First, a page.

Lender’s Title Insurance vs. Owner’s Title Insurance
Lender’s Title Insurance — this policy type protects the company’s financial interests that issue the mortgage. Lender title insurance is needed whenever you take out a mortgage — even for refinancing. As you pay off your mortgage, the lender’s insurance coverage decreases accordingly.
Owner’s title insurance — this policy already protects the home buyer and is not mandatory. Typically, the coverage amount for a home insurance policy equals the purchase price of the house. This type of policy is only purchased once.
How does title insurance work?
An insurance policy can cover the costs of a previously outstanding mortgage or protect against a lawsuit filed by a sudden claimant to the property. Also, such insurance can compensate a new owner who bought a house from a fraudulent seller. Unfortunately, situations are different.
Regarding creditor insurance, title insurance helps to recover payments that the creditor has expected from you. For example, if you lost property because you bought a house from a scammer. Also, the lender can recover their losses from the house sale.
Who pays for title insurance?
Here it is, the answer to the most important question! Because no one wants to pay for something they don’t need.
Who pays for creditor title insurance?
The home buyer pays the lender’s title insurance as part of the cost of closing the deal. This is logical because you are borrowing money, and the lender wants to protect themselves from unforeseen situations. Even the most incredible ones. Title insurance gives the lender a guarantee that no one can take the house away from him – including the sudden appearance of an heir.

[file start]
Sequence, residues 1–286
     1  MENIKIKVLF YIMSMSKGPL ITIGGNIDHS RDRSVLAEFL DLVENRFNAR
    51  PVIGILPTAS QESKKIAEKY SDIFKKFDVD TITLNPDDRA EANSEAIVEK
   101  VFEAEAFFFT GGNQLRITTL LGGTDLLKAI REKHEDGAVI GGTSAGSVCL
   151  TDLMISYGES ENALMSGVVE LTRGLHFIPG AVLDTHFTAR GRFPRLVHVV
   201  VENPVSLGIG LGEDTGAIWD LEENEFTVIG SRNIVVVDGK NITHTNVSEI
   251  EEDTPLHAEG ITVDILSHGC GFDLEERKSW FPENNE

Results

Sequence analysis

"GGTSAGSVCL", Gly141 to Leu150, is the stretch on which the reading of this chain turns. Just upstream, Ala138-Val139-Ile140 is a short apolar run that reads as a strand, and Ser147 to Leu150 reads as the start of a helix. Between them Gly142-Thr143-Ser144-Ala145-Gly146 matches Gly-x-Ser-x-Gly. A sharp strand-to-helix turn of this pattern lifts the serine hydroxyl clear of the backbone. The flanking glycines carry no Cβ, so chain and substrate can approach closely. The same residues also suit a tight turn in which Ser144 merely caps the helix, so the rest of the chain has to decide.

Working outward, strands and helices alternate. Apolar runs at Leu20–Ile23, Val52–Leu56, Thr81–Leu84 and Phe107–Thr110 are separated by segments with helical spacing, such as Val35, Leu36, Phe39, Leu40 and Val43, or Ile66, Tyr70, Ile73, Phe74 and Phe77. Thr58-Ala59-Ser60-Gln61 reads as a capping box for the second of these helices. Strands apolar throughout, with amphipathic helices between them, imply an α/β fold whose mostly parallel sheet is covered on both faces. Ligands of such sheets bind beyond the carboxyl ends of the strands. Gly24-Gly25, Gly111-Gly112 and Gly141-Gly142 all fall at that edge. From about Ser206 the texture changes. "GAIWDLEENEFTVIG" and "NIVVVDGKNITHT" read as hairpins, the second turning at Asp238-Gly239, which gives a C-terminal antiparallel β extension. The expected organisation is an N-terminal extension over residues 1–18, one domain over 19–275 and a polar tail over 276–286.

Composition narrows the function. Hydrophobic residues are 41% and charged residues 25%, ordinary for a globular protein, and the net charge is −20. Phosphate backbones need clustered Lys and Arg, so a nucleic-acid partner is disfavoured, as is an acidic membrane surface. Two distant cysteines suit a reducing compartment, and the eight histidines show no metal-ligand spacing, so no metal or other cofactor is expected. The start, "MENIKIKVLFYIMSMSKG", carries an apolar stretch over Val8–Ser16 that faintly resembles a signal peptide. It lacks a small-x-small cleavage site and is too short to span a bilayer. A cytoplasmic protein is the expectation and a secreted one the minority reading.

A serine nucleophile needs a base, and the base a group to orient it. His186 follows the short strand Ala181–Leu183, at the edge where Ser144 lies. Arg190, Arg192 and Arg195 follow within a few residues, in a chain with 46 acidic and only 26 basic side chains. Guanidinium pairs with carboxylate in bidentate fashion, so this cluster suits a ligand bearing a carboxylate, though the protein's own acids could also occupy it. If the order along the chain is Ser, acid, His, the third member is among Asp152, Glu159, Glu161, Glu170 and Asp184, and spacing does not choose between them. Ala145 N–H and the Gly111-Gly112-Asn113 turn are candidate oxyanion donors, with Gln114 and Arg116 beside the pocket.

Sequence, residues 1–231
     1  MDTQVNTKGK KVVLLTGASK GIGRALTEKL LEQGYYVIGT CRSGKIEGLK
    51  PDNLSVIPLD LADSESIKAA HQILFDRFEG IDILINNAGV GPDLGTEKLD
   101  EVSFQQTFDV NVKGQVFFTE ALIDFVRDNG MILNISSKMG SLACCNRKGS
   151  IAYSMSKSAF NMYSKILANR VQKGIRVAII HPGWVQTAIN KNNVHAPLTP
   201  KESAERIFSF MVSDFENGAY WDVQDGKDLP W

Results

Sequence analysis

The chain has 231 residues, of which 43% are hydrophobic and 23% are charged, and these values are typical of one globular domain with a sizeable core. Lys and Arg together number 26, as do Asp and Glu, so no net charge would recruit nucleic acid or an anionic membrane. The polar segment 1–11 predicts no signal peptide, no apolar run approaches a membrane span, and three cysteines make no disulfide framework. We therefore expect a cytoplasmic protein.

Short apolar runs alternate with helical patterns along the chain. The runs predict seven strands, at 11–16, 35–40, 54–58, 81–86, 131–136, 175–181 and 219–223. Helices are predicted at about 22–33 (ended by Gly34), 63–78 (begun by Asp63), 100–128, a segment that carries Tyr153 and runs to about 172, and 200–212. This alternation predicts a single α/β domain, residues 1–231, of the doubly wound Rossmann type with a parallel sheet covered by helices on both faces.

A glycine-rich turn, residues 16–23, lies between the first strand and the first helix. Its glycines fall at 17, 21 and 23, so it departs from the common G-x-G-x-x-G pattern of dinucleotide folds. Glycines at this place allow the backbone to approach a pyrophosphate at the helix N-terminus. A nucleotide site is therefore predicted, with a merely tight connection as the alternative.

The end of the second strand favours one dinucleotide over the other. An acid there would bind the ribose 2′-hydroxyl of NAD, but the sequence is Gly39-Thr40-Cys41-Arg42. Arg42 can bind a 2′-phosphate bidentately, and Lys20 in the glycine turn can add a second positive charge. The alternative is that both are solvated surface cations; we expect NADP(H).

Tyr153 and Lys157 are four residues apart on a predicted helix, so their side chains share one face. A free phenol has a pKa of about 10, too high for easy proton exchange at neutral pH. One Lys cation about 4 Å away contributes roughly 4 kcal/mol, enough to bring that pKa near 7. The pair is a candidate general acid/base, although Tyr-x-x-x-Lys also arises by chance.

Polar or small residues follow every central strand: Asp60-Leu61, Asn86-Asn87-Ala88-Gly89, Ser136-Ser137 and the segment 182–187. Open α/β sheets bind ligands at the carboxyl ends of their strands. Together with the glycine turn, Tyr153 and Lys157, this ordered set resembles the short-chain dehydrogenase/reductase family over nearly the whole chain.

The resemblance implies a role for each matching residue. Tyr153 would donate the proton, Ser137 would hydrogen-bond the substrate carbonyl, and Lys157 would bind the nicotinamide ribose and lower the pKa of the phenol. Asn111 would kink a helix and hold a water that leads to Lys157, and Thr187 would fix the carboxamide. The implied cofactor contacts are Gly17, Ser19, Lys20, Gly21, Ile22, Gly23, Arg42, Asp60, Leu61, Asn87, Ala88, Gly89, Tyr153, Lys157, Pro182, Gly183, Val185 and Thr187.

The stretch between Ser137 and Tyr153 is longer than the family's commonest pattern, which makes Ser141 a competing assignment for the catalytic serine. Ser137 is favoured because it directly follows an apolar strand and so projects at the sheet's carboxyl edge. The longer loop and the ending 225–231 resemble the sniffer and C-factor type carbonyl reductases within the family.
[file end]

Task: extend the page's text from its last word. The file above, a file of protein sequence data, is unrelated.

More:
Who pays for owner title insurance?
Here things are much more enjoyable. The responsibility for purchasing title insurance depends on the state where you buy your home. Sometimes, the seller is required to purchase a title insurance policy for the buyer.
Do you need title insurance?
In order to secure a mortgage loan, you will need to obtain lender title insurance. This requirement will vary from lender to lender, but you can usually find a title insurance company that will provide this service for a reasonable price.
Regarding owner title insurance, the choice is almost always yours. But remember that title insurance protects you from potential problems arising after buying a home. After all, no one can predict the future. Therefore, it is better to be able to get protection and guarantees.
In addition, title insurance protects the owner from unexpected expenses, such as mortgage debt, unpaid taxes, or debt to contractors.
Imagine you have bought a house and live happily ever after. Suddenly, there is a new heir to the real estate! Title insurance is a solution to alleviate any unnecessary stress. It’s up to your discretion whether or not to opt for it, but why add more worry? If you have questions about obtaining a mortgage, closing a deal, or refinancing real estate, we are ready to answer them. Schedule a consultation with LBC Mortgage to ensure your home purchase goes smoothly and smoothly.